It’s Not About Knowledge – Dr. James Emery White Christian Blog

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When we exclaim, “If only I knew what God wants me to do, I would do it!” we are not often serious. Books on the search for God’s will are legion. But it’s not about knowing, the real fight is Next God’s will.

We already know far more of what is required of us than we could ever begin to act. As we learned in the last blog, God is more eager to reveal his will to us than we are to receive it. And God’s will for your life is mostly moral.

The problem may be that we don’t want to be moral. Or are we just not power to be moral?

Our moral life would be much easier if we could say with theological conviction, “I just couldn’t help it.

There is a fine line between the inevitability of sin in our lives (which we box say with conviction), and a fatalism that dismisses failure in the blink of an eye.

One of the greatest theological debates in the history of Christianity concerned this distinction. It was between a British monk teaching in Rome named Pelagius and the church father Augustine.

Pelagius was a moralist living in the fourth and fifth centuries AD. He was deeply concerned about people leading good and moral lives. He viewed the concepts of total depravity (the inherent corruption of fallen humanity) and the inevitability of sin as counterproductive. If people are told that they cannot help sinning, how can that encourage a moral life?

Pelagius therefore emphasized that we do not enter the world with a bias for evil and that through human freedom we have the ability to choose the good and moral life. Pursuing his thought to its logical end, Pelagius taught that humans could earn salvation on their own by perfectly fulfilling God’s commandments without sinning.

While agreeing with Pelagius that the image of God in human beings was not entirely lost with the fall of Adam and Eve, Augustine, a bishop of the Church and a contemporary of Pelagius, argued that we had lost the ability not to fish. Augustine saw the history of the human will in three stages to which he gave succinct Latin titles:

  1. Before the Fall we were posse no peccari and mori (able not to sin and die). It was the age of innocence.
  2. After the Fall, we became no posse no peccari and mori (unable not to sin and die). This is the age of responsibility.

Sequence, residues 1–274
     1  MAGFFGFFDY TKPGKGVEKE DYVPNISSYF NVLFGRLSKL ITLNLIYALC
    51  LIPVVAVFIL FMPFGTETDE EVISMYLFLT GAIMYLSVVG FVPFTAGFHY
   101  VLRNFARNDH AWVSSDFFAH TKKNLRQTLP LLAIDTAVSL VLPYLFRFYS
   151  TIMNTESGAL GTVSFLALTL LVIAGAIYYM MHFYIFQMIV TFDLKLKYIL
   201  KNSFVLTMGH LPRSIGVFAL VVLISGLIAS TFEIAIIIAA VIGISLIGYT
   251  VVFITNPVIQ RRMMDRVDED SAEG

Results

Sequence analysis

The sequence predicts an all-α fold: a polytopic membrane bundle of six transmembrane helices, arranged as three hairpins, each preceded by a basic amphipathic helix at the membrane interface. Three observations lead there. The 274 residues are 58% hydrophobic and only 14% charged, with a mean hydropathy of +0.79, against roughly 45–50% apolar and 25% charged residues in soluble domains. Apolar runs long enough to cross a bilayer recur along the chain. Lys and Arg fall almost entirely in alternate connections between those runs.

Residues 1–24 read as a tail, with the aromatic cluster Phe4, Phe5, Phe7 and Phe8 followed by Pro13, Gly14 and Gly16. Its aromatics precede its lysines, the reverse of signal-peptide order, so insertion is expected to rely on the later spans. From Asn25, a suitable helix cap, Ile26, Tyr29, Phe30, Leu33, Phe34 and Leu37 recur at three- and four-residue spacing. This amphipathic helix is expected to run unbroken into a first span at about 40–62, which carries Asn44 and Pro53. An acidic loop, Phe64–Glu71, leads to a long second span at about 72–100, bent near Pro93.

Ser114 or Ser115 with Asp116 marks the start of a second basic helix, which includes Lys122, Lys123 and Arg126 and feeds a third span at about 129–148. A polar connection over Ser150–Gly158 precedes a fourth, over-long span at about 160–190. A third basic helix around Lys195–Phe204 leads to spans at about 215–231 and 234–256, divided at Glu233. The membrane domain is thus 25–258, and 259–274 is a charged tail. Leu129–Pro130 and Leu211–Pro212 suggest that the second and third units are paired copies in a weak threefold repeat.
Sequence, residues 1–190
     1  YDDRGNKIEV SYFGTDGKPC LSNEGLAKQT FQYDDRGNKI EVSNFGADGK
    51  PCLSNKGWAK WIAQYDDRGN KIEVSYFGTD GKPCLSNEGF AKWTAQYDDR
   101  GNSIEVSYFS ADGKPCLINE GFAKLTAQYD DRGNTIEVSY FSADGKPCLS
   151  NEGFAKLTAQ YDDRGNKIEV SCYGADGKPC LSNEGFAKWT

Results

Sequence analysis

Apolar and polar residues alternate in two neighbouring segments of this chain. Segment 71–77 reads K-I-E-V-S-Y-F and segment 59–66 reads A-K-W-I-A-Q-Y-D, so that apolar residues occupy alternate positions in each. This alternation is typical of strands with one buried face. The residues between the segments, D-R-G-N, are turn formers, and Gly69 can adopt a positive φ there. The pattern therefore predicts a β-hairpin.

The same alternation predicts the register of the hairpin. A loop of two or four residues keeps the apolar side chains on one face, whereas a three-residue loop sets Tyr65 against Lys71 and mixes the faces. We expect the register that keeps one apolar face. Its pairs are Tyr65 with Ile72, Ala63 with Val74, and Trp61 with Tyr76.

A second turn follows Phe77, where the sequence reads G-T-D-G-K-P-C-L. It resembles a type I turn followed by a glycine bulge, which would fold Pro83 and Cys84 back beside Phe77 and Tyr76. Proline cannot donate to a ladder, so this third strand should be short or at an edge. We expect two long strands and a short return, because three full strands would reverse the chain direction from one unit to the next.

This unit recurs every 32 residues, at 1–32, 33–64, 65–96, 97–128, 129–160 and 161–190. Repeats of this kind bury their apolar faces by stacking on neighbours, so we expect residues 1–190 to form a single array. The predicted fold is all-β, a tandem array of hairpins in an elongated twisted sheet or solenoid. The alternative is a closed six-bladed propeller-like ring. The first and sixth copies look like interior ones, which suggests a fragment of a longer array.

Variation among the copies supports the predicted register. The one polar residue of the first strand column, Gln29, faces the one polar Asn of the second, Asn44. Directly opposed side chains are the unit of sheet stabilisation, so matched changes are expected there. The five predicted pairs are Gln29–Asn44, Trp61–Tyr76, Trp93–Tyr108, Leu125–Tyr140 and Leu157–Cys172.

3. In paradise we will be non posse pecari and mori (unable to sin and die). This will be the age of achievement.

One of Augustine’s famous analogies was that of a set of scales, or weighing scales, representing good and evil. When properly balanced, one could weigh the merits of doing good versus evil and make a choice. However, following the fall of mankind, although the scales work, they are seriously out of balance. They lean resolutely towards evil, and human beings are prone to wrongdoing.

The teachings of Pelagius were condemned as heretical by the Council of Ephesus in 431. Although dismissed, Pelagius forced thinkers like Augustine (and through them, the Church) to refine their understanding of the tension between our orientation towards sin and our call to obey the will of God.

Augustin sympathized with Pelaguis’ concern for the struggle to obey God’s will, but he had long since seen Grace as the liberating force that would free the human will from its slavery to sin. Grace tips the scales back and allows a person to choose what is moral and good.

Augustine thus maintained that this grace is considerate, that is to say, it “precedes” or precedes our conversion and our sanctification, preparing in us a will to choose the good. Grace is also operative, which means that he “works” on us for the purpose of salvation, regardless of anything we do. Finally, it’s cooperativewhich means that once we become a Christian, we are able to cooperate with grace to grow in holiness.

That is, if we want to cooperate.

The reality of life as a follower of Christ is that we are torn between our inherently sinful nature and our ability to pursue God’s will through cooperative grace.

Author Brennan Manning summed it up nicely:

“When I’m honest, I admit I’m a bunch of paradoxes. I believe and I doubt, I hope and I get discouraged, I love and I hate, I feel bad about feeling good, I feel Guilty for not feeling guilty I’m confident and suspicious I’m honest and I still play games Aristotle said I’m a rational animal I say I’m an angel with an incredible capacity for beer

And U.S. too.

James Emery White

Sources

Adapted from the author Wrestling with God. Get the eBook HERE at Church & Culture.

For a useful introduction to Augustine’s theology, see the two Library of Christian Classic editions of his works, Augustine: Earlier Writings and Augustine: Later Works.

On the debate between Augustine and Pelagius, see Jaroslav Pelikan, The emergence of the Catholic tradition.

Brenan Manning, The Gospel of Ragamuffin.

About the Author

James Emery White is the founder and senior pastor of Mecklenburg Community Church in Charlotte, North Carolina, and a former assistant professor of theology and culture at Gordon-Conwell Theological Seminary, where he also served as their fourth president. His last book After “I believe” is now available on Amazon or at your favorite bookstore. To take advantage of a free Church & Culture blog subscription, visit churchandculture.org, where you can view past blogs in our archive, read the latest church and culture news from around the world, and listen to the Church & Culture podcast. . Follow Dr. White on TwitterFacebook and Instagram at @JamesEmeryWhite.


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